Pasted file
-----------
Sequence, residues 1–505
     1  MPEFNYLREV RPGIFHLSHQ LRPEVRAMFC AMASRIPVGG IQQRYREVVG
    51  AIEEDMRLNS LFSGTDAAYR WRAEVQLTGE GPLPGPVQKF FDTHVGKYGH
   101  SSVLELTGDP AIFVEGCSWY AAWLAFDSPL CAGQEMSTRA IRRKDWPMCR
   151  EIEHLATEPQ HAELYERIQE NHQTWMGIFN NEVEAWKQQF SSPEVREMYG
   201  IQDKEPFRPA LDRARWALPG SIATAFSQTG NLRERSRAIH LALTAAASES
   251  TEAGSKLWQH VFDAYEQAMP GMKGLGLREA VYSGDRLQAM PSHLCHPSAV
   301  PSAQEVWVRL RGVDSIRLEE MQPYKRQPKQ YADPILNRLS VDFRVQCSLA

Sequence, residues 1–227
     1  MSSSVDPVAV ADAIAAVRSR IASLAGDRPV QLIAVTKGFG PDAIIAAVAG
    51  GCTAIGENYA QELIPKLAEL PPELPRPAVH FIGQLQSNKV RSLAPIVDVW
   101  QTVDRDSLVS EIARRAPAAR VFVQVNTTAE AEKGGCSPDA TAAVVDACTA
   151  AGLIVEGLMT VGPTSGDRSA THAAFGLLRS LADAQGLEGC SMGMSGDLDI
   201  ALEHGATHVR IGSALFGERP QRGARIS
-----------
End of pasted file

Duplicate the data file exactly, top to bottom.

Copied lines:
Sequence, residues 1–505
     1  MPEFNYLREV RPGIFHLSHQ LRPEVRAMFC AMASRIPVGG IQQRYREVVG
    51  AIEEDMRLNS LFSGTDAAYR WRAEVQLTGE GPLPGPVQKF FDTHVGKYGH
   101  SSVLELTGDP AIFVEGCSWY AAWLAFDSPL CAGQEMSTRA IRRKDWPMCR
   151  EIEHLATEPQ HAELYERIQE NHQTWMGIFN NEVEAWKQQF SSPEVREMYG
   201  IQDKEPFRPA LDRARWALPG SIATAFSQTG NLRERSRAIH LALTAAASES
   251  TEAGSKLWQH VFDAYEQAMP GMKGLGLREA VYSGDRLQAM PSHLCHPSAV
   301  PSAQEVWVRL RGVDSIRLEE MQPYKRQPKQ YADPILNRLS VDFRVQCSLA

Sequence, residues 1–227
     1  MSSSVDPVAV ADAIAAVRSR IASLAGDRPV QLIAVTKGFG PDAIIAAVAG
    51  GCTAIGENYA QELIPKLAEL PPELPRPAVH FIGQLQSNKV RSLAPIVDVW
   101  QTVDRDSLVS EIARRAPAAR VFVQVNTTAE AEKGGCSPDA TAAVVDACTA
   151  AGLIVEGLMT VGPTSGDRSA THAAFGLLRS LADAQGLEGC SMGMSGDLDI
   201  ALEHGATHVR IGSALFGERP QRGARIS